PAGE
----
Oliver has written 16 reviews for films rated ★★★★½ during 2019.

  • We Need to Talk About Kevin

    We Need to Talk About Kevin


    With a puzzling albeit mostly coherent nonlinear plot structure, this joyless but captivating family drama shows the dangers of enabling a psychopathic child when raised by a disconnected mother and an ignorant father, and it gets under our skin with its shocking realism, excellent performances, arresting visuals, and disturbing presentation of a depressing story.

  • The Wolf of Wall Street

    The Wolf of Wall Street


    A three-hour-long, adrenaline-fueled, drug-filled rush that never drags and offers a diverse selection of settings with an apt use of technical verve and seamless transitions as well as an abundance of excess, glamour, and indulgence. DiCaprio and Hill also give two great performances, and the ending is perfect with its insightful, thought-provoking message about greed and icons in modern society.

  • Casino



    Even with a familiar story and tone, Casino is nonetheless another one of Scorsese’s underrated masterpieces, providing us an enthralling experience based on a true story told in just under three hours that fly by while featuring a confident direction, effective music choices, expository narration that’s never wasted, slick camerawork and editing, and an excellent ensemble cast.

  • The Last Temptation of Christ

    The Last Temptation of Christ


    Although the film’s length can be felt, and it only becomes considerably challenging in its final act, Willem Dafoe delivers a gripping performance, and Scorsese presents us with an intriguing interpretation of Jesus as a flawed man—with its more human approach and astute exploration of his self-discovery and battle with faith and morality possibly holding more value than what is written in scripture.

  • Psycho



    The cinematography, score, and Anthony Perkins’ performance are all wonderful, the script is detailed, the dialogue is revealing, and there’s no denying how innovative the film was for its time, especially with its iconic shower sequence, even if it is not as suspenseful or mysterious as some of Hitchcock’s other works.

  • Double Indemnity

    Double Indemnity


    Sharp dialogue, immaculate camerawork, and an increasingly suspenseful plot surrounding greed and love with diabolical measures make Billy Wilder’s Double Indemnity a quintessential noir.

  • Parasite



    It is amazing how Bong Joon-ho manages to masterfully juggle multiple genres of film while creating a layered narrative with detailed metaphors and acute social commentary within an intriguing story that engrosses us until the end, raising the stakes with overwhelming tension and providing a number of hilarious and mind-boggling scenes.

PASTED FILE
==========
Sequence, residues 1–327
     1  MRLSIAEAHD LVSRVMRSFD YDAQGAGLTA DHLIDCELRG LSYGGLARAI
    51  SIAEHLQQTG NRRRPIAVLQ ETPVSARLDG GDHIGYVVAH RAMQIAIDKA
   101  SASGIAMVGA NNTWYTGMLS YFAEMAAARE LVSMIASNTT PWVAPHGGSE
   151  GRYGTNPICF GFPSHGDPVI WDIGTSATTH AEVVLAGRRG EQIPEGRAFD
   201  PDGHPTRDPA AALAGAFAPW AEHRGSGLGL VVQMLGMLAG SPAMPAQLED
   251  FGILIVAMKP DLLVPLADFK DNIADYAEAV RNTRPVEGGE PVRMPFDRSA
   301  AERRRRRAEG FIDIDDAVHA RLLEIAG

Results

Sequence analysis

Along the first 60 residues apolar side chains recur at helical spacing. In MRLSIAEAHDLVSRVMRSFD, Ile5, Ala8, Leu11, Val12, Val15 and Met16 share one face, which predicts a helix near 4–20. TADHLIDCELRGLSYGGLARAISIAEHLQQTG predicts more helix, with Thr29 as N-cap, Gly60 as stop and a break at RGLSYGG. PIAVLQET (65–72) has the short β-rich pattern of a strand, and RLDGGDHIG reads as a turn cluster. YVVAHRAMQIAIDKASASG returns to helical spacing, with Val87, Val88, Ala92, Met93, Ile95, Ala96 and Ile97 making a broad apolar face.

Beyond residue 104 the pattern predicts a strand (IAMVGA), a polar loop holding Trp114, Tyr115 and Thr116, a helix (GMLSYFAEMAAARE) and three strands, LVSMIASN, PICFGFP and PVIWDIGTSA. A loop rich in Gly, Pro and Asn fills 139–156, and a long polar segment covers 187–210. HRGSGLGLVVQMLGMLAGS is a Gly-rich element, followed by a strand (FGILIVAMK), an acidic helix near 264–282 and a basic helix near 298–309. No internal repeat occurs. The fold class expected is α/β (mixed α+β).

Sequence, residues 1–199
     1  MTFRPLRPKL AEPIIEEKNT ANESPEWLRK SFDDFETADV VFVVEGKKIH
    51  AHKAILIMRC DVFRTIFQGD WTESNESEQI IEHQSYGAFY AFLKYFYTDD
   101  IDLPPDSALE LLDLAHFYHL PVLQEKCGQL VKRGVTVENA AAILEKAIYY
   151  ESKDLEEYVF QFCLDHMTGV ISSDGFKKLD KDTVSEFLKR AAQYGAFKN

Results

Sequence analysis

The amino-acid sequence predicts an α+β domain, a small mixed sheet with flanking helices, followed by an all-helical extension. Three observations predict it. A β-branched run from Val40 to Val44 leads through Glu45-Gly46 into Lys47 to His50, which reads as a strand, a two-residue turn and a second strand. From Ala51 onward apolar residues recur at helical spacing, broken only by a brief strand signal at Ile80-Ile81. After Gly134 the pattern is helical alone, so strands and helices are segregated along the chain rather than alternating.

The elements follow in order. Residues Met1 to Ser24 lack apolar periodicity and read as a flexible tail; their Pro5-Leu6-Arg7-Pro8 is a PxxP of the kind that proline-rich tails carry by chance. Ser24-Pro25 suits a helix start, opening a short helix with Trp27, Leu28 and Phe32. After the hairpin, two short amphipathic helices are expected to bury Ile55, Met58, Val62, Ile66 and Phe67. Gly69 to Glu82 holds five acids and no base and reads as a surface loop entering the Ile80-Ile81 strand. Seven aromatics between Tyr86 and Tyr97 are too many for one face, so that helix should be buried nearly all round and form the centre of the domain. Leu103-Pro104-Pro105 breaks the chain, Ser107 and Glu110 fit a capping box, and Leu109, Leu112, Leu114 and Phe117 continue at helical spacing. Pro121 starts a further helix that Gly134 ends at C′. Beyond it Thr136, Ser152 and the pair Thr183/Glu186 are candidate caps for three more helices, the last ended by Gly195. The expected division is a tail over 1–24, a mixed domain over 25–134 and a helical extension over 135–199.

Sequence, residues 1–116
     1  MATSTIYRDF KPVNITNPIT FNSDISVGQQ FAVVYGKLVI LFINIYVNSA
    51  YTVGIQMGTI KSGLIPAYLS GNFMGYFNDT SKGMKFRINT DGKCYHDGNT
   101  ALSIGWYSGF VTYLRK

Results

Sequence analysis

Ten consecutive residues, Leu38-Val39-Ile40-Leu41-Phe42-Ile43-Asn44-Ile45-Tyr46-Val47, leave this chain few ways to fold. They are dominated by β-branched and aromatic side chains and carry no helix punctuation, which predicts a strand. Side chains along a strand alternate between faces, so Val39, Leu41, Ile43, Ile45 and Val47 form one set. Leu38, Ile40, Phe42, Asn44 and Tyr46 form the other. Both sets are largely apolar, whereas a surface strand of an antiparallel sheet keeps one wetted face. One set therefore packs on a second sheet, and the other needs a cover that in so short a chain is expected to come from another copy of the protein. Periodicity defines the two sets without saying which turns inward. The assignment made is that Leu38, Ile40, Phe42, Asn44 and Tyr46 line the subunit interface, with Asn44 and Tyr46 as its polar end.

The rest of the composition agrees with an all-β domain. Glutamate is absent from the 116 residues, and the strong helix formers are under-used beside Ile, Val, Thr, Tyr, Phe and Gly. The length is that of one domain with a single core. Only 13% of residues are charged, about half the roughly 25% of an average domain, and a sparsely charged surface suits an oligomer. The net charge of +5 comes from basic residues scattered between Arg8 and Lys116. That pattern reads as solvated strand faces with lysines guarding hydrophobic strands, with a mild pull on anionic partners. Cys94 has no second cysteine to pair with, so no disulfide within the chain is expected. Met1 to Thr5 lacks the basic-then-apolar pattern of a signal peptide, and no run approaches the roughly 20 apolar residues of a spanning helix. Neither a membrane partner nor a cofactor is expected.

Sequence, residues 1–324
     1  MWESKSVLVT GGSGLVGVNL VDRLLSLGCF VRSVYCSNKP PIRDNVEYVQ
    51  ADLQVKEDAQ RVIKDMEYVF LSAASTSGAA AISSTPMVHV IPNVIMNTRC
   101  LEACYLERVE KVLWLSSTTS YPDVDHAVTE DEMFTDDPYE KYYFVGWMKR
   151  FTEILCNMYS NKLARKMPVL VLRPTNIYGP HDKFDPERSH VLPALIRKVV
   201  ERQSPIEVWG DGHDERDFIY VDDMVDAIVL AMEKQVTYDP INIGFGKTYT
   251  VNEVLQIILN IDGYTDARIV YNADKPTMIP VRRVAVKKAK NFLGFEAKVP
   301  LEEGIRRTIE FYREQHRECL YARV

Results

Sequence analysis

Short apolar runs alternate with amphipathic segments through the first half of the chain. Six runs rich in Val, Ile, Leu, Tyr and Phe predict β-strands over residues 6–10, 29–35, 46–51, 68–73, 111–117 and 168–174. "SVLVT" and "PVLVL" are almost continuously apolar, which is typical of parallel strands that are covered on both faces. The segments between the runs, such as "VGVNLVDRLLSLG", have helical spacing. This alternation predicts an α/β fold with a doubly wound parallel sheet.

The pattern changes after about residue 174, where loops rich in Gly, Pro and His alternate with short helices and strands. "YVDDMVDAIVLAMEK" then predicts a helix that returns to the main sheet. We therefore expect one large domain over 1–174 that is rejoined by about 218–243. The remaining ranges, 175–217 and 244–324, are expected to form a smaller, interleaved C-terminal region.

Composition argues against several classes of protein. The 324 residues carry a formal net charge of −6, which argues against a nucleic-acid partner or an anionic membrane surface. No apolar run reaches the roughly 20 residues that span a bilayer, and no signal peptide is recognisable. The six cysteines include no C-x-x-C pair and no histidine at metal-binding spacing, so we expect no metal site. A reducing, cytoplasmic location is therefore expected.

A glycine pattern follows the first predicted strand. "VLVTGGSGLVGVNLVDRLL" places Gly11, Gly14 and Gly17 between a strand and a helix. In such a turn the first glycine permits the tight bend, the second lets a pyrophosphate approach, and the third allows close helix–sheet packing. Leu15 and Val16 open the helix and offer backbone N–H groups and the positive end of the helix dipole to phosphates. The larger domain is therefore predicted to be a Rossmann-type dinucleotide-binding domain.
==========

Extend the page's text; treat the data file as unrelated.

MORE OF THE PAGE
• Midsommar



    Ari Aster’s astonishing sophomore effort uses a slow-burn pace to absorb us in its central couple’s deteriorating relationship and an idyllic, sun-drenched setting to illuminate and juxtapose the horrors around its characters while benefiting immensely from a sublime cinematography, a haunting score, and a phenomenal performance by Florence Pugh.

  • Sicario



    Sicario is a tense, slow-burn crime drama from director Denis Villeneuve that makes some powerful statements on the societal and bureaucratic ailment caused by Mexican drug cartels and is strengthened by a fine script; great lead performances, notably Benicio del Toro as a gritty assassin; and a marvelous cinematography and score.

  • City Lights

    City Lights


    A most splendid silent film that never ceases to capture our attention with its inventive sound design, vibrant characters, and hilarious sketches, City Lights is a quick, effective, and smartly told motion picture brimming with life, heart, and an acuity for visual comedy—making it a markedly affecting and immensely enjoyable production from Mr. Chaplin.

  • The French Connection

    The French Connection


    This classic procedural impresses mostly with how largely improvised it is while still riveting. It is a taut, gritty, and very well-directed thriller based on a true story that features superb performances (Gene Hackman is astounding), fantastic editing, and a deft combination of narcotics detective work and crime thrills—with one helluva chase scene in particular.

  • Annie Hall

    Annie Hall


    A charming, smart, and amusing slice-of-life film that takes place in a time much different from today while still containing relevant themes with an admirable maturity and delightful humor and benefiting from its charismatic leads, engaging script full of nuances and wit, and Woody Allen’s bold direction.